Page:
The fundamentals of integrity

Written by Jason Morris on Tuesday August 28, 2018

Integrity is hard to pin down. We know that some people have it and some people don’t, but in terms of one’s character, true integrity, particularly in adults, is fixed.

That’s not to say that you can’t teach people to behave better – of course you can. Children do things wrong all the time but learn, through guidance from their parents, to change their behaviour accordingly, so they’re a great example of this in action. But true integrity is not just about behaviour, it’s a much more complex attribute, which is difficult to define in simple terms, but which I’m going to attempt to do anyway.

There are many varying definitions of integrity, ranging from ‘doing the right thing when no one is looking’ (C.S. Lewis) to ‘a willingness not to violate one’s identity’ (Erich Fromm).

But for me, integrity boils down to one thing: how you treat people.

There will be plenty of people who disagree with me on this, and that’s what makes this such a good subject to talk about.

I’ve worked in regulatory compliance for many years and have met a lot of people in that time. Hands down, the best practitioners I’ve come across are those with integrity. In my view, it’s not a skill or a competence that is consciously displayed. People don’t tend to broadcast the fact that they have integrity (in fact, if they do it’s likely to suggest the opposite), instead it’s more a quality that the individual doesn’t necessarily know is there, but which is still apparent to those around them.

In compliance, honesty and doing the right thing is a vital part of the role and could also be described as a subset of integrity. Most people are honest and try to do the right thing, but integrity as a whole is a way of life, and that’s why I believe that, fundamentally, it’s about how you treat other people, no matter who they are.

The importance of integrity in leaders

As a function, compliance operates across the entirety of a firm, and so those working in that field could find themselves in direct communication with people from all levels of the business. There are many examples of narcissistic people at the helm of financial services organisations, those that exude their power for personal gain and take sole credit for the way their business has performed.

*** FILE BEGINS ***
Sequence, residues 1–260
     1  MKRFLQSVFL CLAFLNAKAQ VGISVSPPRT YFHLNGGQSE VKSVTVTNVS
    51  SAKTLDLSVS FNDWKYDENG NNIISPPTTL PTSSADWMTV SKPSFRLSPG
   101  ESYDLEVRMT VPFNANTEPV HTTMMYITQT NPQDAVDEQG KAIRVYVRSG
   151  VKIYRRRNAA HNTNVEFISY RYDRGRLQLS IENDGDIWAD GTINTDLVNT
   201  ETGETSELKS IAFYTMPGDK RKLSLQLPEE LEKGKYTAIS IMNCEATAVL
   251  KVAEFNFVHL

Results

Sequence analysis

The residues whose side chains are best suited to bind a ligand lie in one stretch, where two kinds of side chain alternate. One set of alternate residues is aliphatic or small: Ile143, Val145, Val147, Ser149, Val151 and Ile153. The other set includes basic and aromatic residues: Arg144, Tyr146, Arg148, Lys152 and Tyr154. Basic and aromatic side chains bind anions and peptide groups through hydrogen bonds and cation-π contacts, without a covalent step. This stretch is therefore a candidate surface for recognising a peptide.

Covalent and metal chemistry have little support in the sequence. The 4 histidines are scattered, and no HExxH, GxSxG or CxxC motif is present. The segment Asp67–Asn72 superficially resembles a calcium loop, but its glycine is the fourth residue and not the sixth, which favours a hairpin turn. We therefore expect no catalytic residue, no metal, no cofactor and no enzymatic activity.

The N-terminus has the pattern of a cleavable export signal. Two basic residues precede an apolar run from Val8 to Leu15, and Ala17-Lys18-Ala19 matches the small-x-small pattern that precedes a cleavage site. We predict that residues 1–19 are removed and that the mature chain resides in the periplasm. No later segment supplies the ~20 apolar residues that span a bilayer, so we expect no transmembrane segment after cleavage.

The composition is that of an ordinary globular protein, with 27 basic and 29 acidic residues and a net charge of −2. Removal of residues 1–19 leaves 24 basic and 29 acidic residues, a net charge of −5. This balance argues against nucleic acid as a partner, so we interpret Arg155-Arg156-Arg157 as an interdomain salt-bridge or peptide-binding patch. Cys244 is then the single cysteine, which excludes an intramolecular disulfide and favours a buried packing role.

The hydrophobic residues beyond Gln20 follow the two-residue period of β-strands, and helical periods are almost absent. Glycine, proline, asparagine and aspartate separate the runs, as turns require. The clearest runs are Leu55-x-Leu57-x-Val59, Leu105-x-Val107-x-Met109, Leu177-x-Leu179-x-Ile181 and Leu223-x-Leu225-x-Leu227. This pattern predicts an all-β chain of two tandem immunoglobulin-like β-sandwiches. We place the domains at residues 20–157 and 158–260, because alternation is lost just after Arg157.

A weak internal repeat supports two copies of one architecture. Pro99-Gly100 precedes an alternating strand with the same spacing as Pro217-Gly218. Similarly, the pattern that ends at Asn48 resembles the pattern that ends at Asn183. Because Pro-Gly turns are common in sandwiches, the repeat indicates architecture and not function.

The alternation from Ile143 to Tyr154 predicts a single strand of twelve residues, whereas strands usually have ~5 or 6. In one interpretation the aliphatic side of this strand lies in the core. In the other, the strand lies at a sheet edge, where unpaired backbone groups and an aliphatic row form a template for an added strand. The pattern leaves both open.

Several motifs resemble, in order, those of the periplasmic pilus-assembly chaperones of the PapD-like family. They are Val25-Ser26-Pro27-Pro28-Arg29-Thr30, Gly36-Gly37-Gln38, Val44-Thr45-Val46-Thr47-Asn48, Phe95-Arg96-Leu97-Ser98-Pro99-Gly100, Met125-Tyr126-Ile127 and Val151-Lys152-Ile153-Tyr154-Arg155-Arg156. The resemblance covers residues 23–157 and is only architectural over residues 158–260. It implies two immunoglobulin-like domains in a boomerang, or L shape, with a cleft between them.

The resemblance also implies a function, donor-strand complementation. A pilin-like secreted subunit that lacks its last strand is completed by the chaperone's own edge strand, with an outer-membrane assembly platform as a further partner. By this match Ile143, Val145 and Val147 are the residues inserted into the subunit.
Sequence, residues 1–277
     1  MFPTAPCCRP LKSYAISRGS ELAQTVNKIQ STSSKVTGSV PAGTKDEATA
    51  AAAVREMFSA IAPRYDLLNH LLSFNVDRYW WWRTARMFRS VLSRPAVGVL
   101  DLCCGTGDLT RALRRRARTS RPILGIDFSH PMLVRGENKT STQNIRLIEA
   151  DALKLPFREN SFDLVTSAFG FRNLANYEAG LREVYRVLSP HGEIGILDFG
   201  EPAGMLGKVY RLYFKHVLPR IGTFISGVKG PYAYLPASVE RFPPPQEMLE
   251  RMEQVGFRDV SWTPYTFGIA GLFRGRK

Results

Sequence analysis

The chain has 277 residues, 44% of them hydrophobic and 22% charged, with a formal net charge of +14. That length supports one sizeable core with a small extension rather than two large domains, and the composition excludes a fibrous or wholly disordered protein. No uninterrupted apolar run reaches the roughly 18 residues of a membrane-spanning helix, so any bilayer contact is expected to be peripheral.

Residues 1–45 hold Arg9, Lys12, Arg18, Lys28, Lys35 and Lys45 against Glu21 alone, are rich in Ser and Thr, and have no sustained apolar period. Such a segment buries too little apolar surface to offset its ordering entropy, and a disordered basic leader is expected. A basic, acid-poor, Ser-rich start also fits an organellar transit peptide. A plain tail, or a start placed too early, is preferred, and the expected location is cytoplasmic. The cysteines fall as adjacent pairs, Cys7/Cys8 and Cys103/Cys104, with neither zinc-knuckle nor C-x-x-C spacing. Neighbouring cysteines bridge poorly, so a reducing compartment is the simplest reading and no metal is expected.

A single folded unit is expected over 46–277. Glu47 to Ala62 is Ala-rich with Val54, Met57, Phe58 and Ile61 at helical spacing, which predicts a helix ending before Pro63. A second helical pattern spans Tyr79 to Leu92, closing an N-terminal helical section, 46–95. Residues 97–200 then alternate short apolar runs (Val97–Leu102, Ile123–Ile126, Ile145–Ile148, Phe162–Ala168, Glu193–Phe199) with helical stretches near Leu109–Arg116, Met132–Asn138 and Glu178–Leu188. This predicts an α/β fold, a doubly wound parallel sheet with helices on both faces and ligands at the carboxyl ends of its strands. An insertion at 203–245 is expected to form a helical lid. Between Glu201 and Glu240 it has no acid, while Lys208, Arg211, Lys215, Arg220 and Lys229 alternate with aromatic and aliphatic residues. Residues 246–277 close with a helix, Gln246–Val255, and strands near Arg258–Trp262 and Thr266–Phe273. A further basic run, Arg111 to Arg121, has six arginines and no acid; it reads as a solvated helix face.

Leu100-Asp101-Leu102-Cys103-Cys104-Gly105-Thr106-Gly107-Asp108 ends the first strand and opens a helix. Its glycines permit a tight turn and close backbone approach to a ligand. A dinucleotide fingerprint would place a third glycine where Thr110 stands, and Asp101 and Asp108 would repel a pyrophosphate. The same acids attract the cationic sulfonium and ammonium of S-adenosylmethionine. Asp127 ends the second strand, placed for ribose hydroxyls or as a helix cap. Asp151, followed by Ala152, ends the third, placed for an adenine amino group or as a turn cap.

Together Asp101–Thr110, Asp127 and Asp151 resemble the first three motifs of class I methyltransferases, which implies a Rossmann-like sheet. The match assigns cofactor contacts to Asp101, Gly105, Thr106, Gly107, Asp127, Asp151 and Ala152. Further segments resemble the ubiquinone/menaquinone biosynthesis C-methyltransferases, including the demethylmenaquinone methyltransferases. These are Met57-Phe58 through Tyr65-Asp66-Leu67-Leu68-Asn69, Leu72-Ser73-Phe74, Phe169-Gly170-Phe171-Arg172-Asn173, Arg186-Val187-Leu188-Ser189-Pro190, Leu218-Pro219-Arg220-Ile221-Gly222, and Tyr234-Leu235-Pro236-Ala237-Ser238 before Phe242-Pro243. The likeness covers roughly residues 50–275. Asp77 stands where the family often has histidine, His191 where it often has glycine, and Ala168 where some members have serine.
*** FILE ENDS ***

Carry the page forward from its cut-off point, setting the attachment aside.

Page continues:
Some may think narcissism and that ruthlessness to succeed are essential qualities for a business leader to possess. However, a leader with integrity will not be so self-absorbed. Instead, they will ensure their staff’s contribution to the business is recognised and credited accordingly, happy to share the plaudits with all staff no matter what their individual role.

Integrity displayed by leaders promotes trust amongst the workforce, which is the glue that holds a business together, and can be a big influencing factor for staff staying loyal to a company.  

Consider the following examples of behaviours where integrity is not displayed.

1) False promises to get someone to do something, e. g., to accept a job or a responsibility.

2) Plagiarism of someone else’s ideas and credit-taking for someone's work.

3) Lies of omission to withhold relevant information.

4) Spreading rumours to damage someone’s reputation.

5) Cheating to get a financial or positional advantage.

6) Misrepresenting own accomplishment to make oneself look better at expense of others.

7) Favouritism and nepotism.

8) Not appreciating loyalty, talent, honesty, hard-work of others.

9) Treating others as if they cannot be trusted – not believing them, micromanaging them, not trusting them to do their job.

10) Blaming others for own mistakes.

There are endless examples of these things happening all the time, not just in financial services but across many business sectors, and it damages businesses significantly. Some make the mistake of thinking money can fix these issues, but once the trust is broken, there is no way back. Counter-offers and promises do not work. Because loyal, hard-working people's loyalty cannot be bought with money.

Integrity is a subject with real depth, and I’ve only dipped my toe into it here. It would be great to hear your own views on integrity, what it means to you and how important it is in your role or your business.

For now though, I’ll leave you with a final quotation on integrity by M.H McKee – ‘Wisdom is knowing the right path to take – integrity is taking it.’

Learn more about ethics, accountability and integrity with the ICA International Diploma in Governance, Risk and Compliance. Now open for enrolment ►


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